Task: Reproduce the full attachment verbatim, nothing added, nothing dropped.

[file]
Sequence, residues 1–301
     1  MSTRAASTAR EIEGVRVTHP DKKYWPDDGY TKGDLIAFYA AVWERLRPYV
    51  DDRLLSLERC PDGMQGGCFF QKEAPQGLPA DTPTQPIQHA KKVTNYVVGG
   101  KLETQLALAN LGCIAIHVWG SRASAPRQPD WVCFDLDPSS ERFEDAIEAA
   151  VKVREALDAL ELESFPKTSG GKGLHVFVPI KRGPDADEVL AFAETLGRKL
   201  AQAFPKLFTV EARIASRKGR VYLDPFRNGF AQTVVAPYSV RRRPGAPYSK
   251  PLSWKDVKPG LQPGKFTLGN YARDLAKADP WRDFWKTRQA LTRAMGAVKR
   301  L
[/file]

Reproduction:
Sequence, residues 1–301
     1  MSTRAASTAR EIEGVRVTHP DKKYWPDDGY TKGDLIAFYA AVWERLRPYV
    51  DDRLLSLERC PDGMQGGCFF QKEAPQGLPA DTPTQPIQHA KKVTNYVVGG
   101  KLETQLALAN LGCIAIHVWG SRASAPRQPD WVCFDLDPSS ERFEDAIEAA
   151  VKVREALDAL ELESFPKTSG GKGLHVFVPI KRGPDADEVL AFAETLGRKL
   201  AQAFPKLFTV EARIASRKGR VYLDPFRNGF AQTVVAPYSV RRRPGAPYSK
   251  PLSWKDVKPG LQPGKFTLGN YARDLAKADP WRDFWKTRQA LTRAMGAVKR
   301  L